I had the board chair at a member organization reach out to me the other day to say that their current CEO wants to have the title of president emeritus once the new president starts. Her board had mixed feelings, and she wanted to get my perspective on the matter. I explained that emeritus means different things in different organizations. In higher education, it is generally a lifelong designation that is bestowed on a professor of merit who wants to stay active following retirement and teach a class here and there. (And it is often a paid position. In fact — I looked this up — the average salary for a professor emeritus in the U.S. is $178,185 per year! Nice gig if you can get it.) In other organizations, someone with the emeritus title is a former board member who is invited to remain at the table as a nonvoting member in an advisory capacity. But for a lot of nonprofits, it is an honorary title given to a person who previously headed an organization and has stepped down or is now retired…but is still involved with the organization or the ministry genre in some meaningful way, like mentoring the current leader or serving as an ambassador.
One reason a ministry might want to have an emeritus is for affirmation and assurance. When a new president comes aboard, it’s comforting to constituents and stakeholders to know that the respected outgoing president is still somehow connected, tying the past to the present. It shows everyone that the venerated former leader still believes in the organization and is supporting its endeavors. Frank Jacobs, who will be on stage at our upcoming conference in Orlando, has been the president emeritus at Miami Rescue Mission for more than 15 years, representing President Ron Brummitt, as needed. Steve Burger, my predecessor, is technically still a president emeritus of Citygate Network. Even now, I call Steve from time to time to ask him a history-related question. It doesn’t have to last this long, but if the relationship continues to produce good will and good vibes, there doesn’t have to be a sunset date.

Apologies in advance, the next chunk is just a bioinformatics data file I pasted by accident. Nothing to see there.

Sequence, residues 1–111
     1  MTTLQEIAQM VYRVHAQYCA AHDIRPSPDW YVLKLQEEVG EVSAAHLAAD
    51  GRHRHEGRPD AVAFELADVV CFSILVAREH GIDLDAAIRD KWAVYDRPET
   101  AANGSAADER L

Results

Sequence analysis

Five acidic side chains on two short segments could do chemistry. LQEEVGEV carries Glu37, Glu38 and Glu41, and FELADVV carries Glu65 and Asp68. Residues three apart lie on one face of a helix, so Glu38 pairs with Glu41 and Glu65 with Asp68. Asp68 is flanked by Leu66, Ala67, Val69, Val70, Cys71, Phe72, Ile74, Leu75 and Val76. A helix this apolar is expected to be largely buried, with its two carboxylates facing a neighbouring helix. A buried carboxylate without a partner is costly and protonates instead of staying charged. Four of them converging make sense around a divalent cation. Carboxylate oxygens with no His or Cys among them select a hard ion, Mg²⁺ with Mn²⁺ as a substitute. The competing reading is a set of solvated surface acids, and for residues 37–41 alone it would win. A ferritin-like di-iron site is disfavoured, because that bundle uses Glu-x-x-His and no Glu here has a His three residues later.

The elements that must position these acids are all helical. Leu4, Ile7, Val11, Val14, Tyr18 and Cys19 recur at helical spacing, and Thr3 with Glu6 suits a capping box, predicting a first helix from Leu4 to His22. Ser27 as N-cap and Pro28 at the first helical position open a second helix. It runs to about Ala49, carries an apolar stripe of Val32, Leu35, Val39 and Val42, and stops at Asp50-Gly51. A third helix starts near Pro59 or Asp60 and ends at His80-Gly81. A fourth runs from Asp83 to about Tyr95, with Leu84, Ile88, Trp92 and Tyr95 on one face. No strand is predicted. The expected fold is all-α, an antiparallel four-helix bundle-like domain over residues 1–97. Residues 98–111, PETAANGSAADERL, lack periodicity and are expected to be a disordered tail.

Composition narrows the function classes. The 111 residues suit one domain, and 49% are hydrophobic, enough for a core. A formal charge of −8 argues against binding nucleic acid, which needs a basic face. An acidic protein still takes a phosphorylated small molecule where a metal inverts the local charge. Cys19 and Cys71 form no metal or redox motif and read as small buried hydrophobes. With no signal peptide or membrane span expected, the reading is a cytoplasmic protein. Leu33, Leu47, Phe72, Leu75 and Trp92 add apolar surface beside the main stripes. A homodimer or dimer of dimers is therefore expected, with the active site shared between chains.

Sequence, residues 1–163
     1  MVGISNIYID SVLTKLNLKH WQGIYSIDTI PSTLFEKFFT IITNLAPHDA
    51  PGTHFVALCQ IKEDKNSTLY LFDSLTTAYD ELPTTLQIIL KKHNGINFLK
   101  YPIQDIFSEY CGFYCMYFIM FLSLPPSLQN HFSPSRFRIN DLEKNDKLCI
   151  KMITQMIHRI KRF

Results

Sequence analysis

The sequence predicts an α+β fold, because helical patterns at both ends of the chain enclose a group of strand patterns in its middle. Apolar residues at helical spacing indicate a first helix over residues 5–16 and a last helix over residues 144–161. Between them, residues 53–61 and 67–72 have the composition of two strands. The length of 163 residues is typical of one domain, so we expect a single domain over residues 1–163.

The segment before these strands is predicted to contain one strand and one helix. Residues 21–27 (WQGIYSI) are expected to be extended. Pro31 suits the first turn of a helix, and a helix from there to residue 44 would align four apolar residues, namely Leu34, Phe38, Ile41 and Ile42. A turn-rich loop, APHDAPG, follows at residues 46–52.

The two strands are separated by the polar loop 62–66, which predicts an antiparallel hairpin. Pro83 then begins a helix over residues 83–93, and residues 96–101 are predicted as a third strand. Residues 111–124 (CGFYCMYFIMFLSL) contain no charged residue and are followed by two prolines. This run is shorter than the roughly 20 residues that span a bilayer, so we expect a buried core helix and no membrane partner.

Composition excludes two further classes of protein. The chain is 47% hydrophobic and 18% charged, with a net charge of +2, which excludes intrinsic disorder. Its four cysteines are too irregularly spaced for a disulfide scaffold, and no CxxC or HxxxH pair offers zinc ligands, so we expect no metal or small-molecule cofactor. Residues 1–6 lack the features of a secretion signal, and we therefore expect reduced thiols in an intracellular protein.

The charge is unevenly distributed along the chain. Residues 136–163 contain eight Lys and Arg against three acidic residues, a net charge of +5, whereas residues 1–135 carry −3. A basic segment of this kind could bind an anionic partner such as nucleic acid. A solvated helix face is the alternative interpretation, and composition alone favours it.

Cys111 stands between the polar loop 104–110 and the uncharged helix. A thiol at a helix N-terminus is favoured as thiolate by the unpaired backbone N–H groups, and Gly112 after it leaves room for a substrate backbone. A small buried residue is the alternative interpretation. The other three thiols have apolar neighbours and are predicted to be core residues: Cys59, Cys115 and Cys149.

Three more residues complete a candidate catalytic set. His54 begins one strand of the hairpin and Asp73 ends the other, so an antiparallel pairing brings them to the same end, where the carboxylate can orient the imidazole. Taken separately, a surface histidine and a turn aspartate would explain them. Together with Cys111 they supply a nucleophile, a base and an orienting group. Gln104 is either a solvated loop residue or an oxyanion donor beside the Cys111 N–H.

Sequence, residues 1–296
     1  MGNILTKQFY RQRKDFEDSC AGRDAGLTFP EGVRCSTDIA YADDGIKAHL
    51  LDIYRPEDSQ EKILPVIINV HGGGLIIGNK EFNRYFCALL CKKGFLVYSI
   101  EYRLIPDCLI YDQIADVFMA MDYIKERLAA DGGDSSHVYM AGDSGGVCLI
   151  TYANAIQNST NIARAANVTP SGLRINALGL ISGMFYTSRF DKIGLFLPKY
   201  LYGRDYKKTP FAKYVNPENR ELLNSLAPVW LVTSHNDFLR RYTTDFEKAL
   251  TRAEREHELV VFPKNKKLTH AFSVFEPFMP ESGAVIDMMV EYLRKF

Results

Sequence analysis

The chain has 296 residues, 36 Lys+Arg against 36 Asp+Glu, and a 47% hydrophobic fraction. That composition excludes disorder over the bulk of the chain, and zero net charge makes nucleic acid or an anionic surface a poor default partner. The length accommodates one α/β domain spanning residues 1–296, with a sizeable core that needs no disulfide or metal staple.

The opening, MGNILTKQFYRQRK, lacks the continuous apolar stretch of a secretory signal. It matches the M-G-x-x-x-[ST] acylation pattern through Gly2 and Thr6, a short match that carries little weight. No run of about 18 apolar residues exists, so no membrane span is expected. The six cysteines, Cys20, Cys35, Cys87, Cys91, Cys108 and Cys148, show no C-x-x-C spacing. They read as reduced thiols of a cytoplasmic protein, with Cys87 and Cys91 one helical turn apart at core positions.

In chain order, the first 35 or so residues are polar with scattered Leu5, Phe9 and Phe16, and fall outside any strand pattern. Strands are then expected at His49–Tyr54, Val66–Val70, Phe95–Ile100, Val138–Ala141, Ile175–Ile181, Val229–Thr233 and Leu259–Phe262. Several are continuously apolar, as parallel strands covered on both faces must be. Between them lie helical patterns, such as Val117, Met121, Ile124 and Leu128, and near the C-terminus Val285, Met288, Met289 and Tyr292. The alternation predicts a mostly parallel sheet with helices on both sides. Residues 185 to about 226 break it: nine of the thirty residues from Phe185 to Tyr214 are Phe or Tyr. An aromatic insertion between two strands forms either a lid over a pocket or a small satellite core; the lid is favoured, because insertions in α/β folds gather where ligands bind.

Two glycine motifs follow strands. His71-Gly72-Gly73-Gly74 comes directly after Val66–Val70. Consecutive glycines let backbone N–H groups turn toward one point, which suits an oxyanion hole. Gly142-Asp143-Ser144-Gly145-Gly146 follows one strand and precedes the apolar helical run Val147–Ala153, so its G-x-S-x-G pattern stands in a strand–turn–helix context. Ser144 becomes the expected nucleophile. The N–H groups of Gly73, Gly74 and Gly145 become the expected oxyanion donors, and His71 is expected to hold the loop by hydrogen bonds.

Here’s a second reason: If agreement is reached that the outgoing leader is to remain actively involved in a particular role for a designated period, the title president emeritus is generally used during that timeframe to elevate the importance of the project in everyone’s eyes. Often, for example, the outgoing president is asked to oversee (or asks to finish) a capital campaign — and donors do like to see continuity. Such an arrangement affords the new CEO the luxury of not having to deal with those demanding duties while he or she is still onboarding. But you don’t want the former CEO to have a title that makes it appear that he or she is a retread on the downline staff roster. The title president emeritus removes the awkwardness of being a peer to former subordinates.
A third reason for offering the title is to give the former president a “platform” of respectability — a slightly elevated vantage point from which to continue to write or speak with authority about various ministry matters — past, present, and future. One of the things a lot of CEOs who leave a leadership position say they suddenly realize they don’t have — and didn’t consider that it would disappear so quickly — is that metaphorical stage. “I have a decade of experience in ministry and organizational leadership, and my opinion on things used to matter when I was the CEO,” one former leader told me. “But now it seems that without a title, my comments are immaterial.” Of course, what is written or spoken needs to parallel the position of the current leadership of the organization that is conferring the title.
A president emeritus should be appointed by the board but work solely under the direction of the current president. The board could annually decide, with counsel from the current president, if the title should be retained. But even so, the board should at least have an agreement with the president emeritus that specifies under what conditions any open-ended title would be revoked. Some Citygate Network members go so far as having a written, signed agreement and job description for the president emeritus.
So, does your organization want or need a president emeritus — which will ultimately be you? Your board — with input from you — has to determine if the outgoing leader still has something to offer, knows the direction the new leader is going, and can accelerate your organization’s progress in a way that brings everyone along.